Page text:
Ghrelin- the “hunger hormone” linked to Post Traumatic Stress Disorder
Stress is a response provoking action to escape or fight back. When this becomes chronic, it causes different mental illnesses. Studies show that during chronic stress, the “hunger hormone” ghrelin is released, which controls the growth hormone amygdale. It is produced in stomach and travels across the body.
Researches were done on rats administered with drugs to stimulate ghrelin receptor over prolonged period. Fear was measured through an innocuous, novel tone. While all rats showed fear, the ones with higher ghrelin levels froze for a longer period of time. Consequently rats exposed to chronic stress over long period showed higher levels of ghrelin release in their bodies.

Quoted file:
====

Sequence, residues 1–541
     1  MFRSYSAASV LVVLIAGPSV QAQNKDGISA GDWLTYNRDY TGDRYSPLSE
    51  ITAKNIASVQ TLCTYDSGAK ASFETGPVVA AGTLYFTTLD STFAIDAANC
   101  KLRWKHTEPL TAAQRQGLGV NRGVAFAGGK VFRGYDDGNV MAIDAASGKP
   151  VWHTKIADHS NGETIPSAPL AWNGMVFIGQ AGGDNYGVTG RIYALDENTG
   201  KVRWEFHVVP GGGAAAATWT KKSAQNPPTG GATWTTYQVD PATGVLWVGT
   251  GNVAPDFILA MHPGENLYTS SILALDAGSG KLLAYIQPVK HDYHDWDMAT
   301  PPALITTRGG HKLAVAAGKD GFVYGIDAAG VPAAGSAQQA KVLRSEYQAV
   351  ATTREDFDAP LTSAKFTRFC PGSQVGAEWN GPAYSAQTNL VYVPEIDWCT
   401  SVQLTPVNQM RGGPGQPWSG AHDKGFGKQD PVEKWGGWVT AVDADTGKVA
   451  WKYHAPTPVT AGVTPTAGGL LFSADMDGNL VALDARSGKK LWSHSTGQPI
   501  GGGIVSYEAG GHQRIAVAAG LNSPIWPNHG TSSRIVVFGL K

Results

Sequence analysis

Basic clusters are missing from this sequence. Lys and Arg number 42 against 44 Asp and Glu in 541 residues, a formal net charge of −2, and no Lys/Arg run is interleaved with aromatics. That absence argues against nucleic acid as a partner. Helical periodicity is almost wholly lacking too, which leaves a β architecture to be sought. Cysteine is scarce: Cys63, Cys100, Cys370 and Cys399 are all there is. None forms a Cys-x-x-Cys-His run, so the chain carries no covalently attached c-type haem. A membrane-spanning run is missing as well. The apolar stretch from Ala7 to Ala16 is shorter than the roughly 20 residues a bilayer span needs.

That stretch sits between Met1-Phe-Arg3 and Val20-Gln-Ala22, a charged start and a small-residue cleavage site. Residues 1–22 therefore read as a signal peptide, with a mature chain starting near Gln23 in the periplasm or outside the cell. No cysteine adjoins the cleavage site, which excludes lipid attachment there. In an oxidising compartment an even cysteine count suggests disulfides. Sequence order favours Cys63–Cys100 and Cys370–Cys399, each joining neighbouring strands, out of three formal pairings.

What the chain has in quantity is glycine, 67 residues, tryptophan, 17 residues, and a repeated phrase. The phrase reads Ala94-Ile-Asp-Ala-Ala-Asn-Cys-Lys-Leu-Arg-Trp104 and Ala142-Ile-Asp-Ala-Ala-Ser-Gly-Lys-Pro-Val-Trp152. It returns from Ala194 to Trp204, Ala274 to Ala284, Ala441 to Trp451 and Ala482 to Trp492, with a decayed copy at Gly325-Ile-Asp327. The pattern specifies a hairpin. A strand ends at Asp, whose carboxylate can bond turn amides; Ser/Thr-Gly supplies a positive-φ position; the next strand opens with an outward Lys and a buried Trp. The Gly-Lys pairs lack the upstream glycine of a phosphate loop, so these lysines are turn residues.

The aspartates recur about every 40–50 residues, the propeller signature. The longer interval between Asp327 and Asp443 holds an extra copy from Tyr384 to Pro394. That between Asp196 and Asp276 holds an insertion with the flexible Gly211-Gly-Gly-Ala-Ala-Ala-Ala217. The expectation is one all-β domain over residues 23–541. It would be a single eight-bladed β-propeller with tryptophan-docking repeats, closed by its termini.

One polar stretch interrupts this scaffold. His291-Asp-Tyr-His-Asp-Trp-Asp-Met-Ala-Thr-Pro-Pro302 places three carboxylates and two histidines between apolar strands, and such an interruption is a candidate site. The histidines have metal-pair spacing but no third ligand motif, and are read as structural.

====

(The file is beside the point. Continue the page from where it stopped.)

The focus now is more on hypothalamic-pituitary-adrenal (HPA) axis, which produces adrenaline, cortisol and hormones stimulating “fight or flight” behaviour. However, further studies reveal that ghrelin-initiated stress pathway is independent of HPA axis. Drugs are developed which interfere with ghrelin to lower PTSD.